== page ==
Me: You and the team have done a great job on creating amazing 2D game experiences, do you and the rest of the team enjoy 2D games a lot? What’s your personal favorite 2D side scrolling game?
Ian: I don’t want to replug what we do, but in Newgrounds, which is owned by Tom Fulp who is also a co-owner of The Behemoth, stuff like Dad N’ Me was before I knew Tom and Dan and stuff like that always appealed just in terms of the early co-op mechanics and just a beat ’em up in general. The humor part is what really draws me in. There’s a Joss Whedon quote years back that you can tell this intimate story, but for Christ’s sake tell a joke at some point. That’s one that always resonated with me, because you can’t take yourself so seriously. I know the question’s about side scrolling, but the stuff the guys’ did before I even got there kind of resonated with me in terms of balancing humor and gaming. And of course games like Mega Man and Mario.
Me: With the rise of Kickstarter and crowdfunding for games, and with The Behemoth’s reputation for self-funding, do you think you’ll turn to that as a source for income in the future?
Ian: Not for me, I think a lot of people have recently done amazing things in terms of getting certain projects funded and it’s awesome and it’s great; obviously Double Fine being the head of that, but we actually used Kickstarter to do our Necromancer project which was a Necromancer figurine which is about [10″]. That was more to gauge how many people would want this before dumping a lot of money into it. As for self-funding, we’ve been very lucky and fortunate. Really after Castle Crashers we’ve been able to continue to self-fund all our projects and continue working at our own pace. You never know, but right now there are no plans whatsoever. Right now we did BattleBlock and it’s all self-funded and self-published and our next project will be the same. Until people like stopping our games then.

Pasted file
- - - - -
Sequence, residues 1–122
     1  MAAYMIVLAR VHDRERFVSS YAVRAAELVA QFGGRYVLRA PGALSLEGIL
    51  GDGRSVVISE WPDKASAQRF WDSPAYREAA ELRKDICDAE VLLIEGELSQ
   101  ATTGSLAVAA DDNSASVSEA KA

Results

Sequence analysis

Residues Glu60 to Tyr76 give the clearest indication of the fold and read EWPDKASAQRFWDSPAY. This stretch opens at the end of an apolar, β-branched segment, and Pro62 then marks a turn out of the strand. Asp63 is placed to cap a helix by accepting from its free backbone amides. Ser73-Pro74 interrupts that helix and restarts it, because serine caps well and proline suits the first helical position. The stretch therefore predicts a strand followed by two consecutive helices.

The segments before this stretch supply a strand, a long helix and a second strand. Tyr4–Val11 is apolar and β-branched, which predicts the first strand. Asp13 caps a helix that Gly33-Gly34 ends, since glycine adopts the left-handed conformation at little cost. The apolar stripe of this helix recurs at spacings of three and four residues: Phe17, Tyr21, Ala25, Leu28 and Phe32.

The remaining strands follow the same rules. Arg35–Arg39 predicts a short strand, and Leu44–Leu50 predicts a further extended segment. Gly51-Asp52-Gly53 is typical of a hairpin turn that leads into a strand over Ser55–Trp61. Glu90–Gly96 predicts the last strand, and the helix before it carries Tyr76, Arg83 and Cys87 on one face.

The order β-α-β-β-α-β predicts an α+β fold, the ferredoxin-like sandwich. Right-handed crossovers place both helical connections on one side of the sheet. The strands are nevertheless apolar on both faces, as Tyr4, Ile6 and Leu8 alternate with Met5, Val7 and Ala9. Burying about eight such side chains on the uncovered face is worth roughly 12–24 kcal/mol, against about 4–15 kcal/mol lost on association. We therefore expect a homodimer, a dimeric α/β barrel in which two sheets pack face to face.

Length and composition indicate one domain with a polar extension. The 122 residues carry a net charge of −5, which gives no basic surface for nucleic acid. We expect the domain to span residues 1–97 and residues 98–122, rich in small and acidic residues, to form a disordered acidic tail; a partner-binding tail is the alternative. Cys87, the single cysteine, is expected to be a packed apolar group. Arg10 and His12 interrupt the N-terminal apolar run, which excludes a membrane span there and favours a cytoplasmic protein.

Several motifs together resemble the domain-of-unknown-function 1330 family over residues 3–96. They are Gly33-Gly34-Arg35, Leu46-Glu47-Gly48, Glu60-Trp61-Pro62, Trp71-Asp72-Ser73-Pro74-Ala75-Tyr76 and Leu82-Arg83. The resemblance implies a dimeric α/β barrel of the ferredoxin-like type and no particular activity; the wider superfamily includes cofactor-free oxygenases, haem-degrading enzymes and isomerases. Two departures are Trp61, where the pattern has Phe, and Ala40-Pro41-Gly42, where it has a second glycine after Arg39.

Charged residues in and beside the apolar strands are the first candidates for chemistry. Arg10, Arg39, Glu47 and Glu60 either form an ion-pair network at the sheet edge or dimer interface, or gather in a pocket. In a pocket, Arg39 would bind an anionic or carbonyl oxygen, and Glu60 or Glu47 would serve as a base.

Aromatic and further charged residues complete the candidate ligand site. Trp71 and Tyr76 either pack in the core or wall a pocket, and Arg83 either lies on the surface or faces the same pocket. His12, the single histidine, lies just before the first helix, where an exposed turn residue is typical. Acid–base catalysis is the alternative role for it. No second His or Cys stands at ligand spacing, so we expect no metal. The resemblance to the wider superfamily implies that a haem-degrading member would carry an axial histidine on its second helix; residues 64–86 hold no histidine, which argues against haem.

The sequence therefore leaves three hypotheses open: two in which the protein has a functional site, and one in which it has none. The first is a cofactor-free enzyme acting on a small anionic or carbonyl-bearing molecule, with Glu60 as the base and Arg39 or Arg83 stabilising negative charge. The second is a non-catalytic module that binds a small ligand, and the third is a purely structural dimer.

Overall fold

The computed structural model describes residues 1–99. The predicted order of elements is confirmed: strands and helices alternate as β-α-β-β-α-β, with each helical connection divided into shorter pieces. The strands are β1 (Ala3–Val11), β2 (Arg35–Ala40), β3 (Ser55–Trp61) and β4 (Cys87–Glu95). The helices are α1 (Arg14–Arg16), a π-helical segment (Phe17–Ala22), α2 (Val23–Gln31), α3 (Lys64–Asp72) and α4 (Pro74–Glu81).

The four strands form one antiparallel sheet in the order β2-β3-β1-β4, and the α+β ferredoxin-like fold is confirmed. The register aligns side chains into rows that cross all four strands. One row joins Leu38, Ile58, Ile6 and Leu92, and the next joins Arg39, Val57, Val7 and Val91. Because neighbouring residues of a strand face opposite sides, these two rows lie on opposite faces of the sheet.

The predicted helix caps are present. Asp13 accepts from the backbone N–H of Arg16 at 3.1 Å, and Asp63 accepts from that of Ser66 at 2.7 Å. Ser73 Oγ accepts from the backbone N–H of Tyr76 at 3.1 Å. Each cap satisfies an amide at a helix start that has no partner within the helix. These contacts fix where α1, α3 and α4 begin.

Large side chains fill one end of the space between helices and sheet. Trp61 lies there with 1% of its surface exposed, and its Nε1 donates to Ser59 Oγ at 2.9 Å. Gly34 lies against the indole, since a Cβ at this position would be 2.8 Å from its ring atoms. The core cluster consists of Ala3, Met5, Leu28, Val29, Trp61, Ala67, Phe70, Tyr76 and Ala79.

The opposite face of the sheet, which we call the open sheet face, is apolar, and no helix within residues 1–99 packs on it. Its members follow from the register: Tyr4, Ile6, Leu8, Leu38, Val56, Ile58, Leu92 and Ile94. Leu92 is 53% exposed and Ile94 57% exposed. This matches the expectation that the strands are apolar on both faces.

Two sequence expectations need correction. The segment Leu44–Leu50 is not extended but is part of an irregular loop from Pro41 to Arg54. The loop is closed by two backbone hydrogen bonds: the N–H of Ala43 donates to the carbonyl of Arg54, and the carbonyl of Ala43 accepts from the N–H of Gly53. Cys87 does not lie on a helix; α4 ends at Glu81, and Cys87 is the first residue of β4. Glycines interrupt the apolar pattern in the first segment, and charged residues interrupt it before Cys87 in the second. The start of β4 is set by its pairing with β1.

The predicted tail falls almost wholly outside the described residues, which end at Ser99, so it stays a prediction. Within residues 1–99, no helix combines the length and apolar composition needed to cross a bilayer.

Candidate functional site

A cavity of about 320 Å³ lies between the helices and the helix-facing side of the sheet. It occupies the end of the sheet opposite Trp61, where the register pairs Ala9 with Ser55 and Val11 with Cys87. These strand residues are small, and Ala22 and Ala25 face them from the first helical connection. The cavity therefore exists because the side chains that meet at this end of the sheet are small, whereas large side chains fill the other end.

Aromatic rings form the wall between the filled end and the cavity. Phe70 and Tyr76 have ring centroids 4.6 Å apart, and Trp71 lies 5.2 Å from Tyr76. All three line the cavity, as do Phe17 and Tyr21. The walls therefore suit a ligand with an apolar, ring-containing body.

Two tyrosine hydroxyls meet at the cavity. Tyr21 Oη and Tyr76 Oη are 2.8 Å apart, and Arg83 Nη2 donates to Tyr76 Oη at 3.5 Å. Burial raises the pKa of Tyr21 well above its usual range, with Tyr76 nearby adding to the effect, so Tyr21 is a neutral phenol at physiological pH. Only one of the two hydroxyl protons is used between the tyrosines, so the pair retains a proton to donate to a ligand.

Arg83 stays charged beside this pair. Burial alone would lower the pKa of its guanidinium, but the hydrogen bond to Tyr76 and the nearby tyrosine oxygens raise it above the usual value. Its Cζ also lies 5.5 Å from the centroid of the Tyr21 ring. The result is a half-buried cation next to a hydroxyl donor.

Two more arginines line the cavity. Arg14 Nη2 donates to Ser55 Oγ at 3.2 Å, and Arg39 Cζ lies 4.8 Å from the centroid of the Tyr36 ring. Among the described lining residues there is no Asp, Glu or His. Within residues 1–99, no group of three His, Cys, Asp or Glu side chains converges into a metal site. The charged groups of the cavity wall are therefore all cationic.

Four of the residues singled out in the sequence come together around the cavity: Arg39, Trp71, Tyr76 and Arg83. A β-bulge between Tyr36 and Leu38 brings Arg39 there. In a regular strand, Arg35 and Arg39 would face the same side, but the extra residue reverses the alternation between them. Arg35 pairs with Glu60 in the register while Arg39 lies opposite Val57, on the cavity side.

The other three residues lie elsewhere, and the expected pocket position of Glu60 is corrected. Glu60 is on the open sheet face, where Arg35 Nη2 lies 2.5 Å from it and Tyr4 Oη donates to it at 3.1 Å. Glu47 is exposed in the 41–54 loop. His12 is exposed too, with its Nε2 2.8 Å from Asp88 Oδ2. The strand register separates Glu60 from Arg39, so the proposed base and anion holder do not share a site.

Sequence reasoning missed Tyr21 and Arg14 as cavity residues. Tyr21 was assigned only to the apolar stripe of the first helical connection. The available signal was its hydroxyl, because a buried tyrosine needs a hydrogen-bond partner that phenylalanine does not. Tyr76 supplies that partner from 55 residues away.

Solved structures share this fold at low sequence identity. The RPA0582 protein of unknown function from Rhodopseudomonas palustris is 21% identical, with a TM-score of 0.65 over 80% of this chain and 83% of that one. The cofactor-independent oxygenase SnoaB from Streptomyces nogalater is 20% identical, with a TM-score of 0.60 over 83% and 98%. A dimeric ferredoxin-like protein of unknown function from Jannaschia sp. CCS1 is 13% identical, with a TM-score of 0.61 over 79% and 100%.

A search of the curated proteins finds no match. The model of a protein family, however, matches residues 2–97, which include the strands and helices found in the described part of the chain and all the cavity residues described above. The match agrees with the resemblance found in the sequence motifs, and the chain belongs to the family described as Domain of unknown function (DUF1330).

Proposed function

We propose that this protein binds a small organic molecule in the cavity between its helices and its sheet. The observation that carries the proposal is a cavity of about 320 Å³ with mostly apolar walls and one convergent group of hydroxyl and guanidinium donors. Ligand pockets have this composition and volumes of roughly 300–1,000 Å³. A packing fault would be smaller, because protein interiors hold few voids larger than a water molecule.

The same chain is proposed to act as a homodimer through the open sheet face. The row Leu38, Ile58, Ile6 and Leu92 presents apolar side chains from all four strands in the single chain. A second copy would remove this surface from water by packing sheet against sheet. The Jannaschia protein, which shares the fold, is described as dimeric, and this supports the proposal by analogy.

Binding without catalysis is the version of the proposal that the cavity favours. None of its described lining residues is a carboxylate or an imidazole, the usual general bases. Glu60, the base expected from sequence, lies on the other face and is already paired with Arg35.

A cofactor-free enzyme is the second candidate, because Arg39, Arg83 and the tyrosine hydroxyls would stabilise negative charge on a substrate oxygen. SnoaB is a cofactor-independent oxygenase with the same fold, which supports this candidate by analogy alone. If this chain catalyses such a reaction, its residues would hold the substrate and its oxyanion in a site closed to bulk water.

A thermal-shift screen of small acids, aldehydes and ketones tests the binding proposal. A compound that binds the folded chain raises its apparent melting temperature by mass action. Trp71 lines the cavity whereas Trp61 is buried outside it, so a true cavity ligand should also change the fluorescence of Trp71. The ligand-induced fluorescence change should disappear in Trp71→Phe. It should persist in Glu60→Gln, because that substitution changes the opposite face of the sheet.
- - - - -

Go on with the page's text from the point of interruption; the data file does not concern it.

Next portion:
Me: How difficult is it to completely fund a game without help from a publisher?
Ian: Extremely difficult, like I said since [Castle Crashers] it’s been a little bit easier. In the beginning, I wasn’t there for this, but the when owners originally started, John Baez, Dan Paladin, and Tom Fulp, it was like taking mortgages out on the house and working for no nothing. So there’s definitely a lot of sacrificing in the beginning that in the end paid off. There was struggle early on and now things are nice.
Me: Will the team ever venture out and conquer another game genre? Cause you guys have gone down the side scrolling beat ’em up, you guys want to do a 3D game or any other kind of genre?